Editor’s note: Jack Hammett has joined the staff of the Leader-Call as a general assignment news reporter. He is still thawing out from his last home in Minnesota, but the sunny Southern skies welcome him back home.
It was by way of some cosmic slingshot that I arrived in Mississippi, my birthplace, not long ago. I’ve heard it called “the Saturn return,” wherein the young adult spends the closing moments of their youth setting themselves on the proper path. If the analogy is to be followed, I took the full orbit, swinging up to Minnesota and falling, after two freezing years, back to the Great American South.
But astrology is lost on me, like most things with no empirical basis. Here’s something with empirical basis: there is a lot of snow in Minnesota. There is not a lot of snow in Mississippi. I will praise the fat baby Jesus every day there isn’t.
I moved to Minnesota for work, and I did work. I’m already seeing some major differences between my work in the two states; I can now live among a cohesive network of people. For instance. Minnesota’s snow drives folks back into their caves for six months out of the year. Minus-40-degree polar vortexes notwithstanding, the news operations were large and lonely. This idea that I can take root among like-minded friends is more appealing.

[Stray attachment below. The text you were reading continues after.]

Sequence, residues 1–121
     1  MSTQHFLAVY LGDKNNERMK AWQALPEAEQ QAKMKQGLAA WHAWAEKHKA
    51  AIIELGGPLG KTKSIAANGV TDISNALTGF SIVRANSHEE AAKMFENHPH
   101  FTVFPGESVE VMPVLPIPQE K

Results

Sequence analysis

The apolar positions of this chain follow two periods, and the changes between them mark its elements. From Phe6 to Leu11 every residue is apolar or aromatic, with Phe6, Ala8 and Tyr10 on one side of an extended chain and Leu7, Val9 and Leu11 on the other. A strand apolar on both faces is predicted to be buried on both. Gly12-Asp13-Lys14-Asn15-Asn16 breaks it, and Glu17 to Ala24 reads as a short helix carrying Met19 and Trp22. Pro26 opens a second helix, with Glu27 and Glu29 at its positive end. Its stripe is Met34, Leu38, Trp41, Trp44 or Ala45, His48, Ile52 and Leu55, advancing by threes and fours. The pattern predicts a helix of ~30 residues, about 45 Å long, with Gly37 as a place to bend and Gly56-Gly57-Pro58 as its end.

Consider supporting and befriending your local journalists. As far as I can tell, The Laurel Leader-Call has set itself apart from the corporate publishing houses over yonder. There’s been a lot of talk since 2016 about the media’s devil horns and spiked tail.
I’ve rarely if ever seen the discussion include local storytelling. Local journalists are not enemies of the people — they are the people. After all, the broadcast news we see distorted from its original context is often air-lifted right off the street level. People like those at the Leader-Call did the footwork. It’s a “trickle up,” so to speak.
Willie Tubbs, a journalism mentor of mine, once said independent operations like these are becoming more successful publications than the corporate-owned. I agree. I’ve seen both ends. It would seem The Local News, as it were, is having its own Saturn return.
Further, Mississippi news in particular has been getting around. Two journalists I know personally have had their photographs circulated throughout the country, reaching as far as The New York Times.
Another example is Rory Doyle, a photographer in Cleveland, works on an ongoing project called “Delta Hill Riders.” His photographs of the black cowboys on the Mississippi Delta have earned him innumerable international accolades. I highly recommend giving it a look. Storytelling like this makes me proud to stand again where I once lived.
I’ll always remember Minnesota somewhat fondly. It snowed there this month. A cool mid-October breeze will sometimes roll through here and remind me of that dry cold I lived in for two years. I only hope the South’s tornadoes don’t whip me up and toss me back along the Mississippi River too soon.
I couldn’t be more excited, freaked out, shellshocked or other such adjectives to have the Leader-Call take a chance on me. I think I’m going to like it here.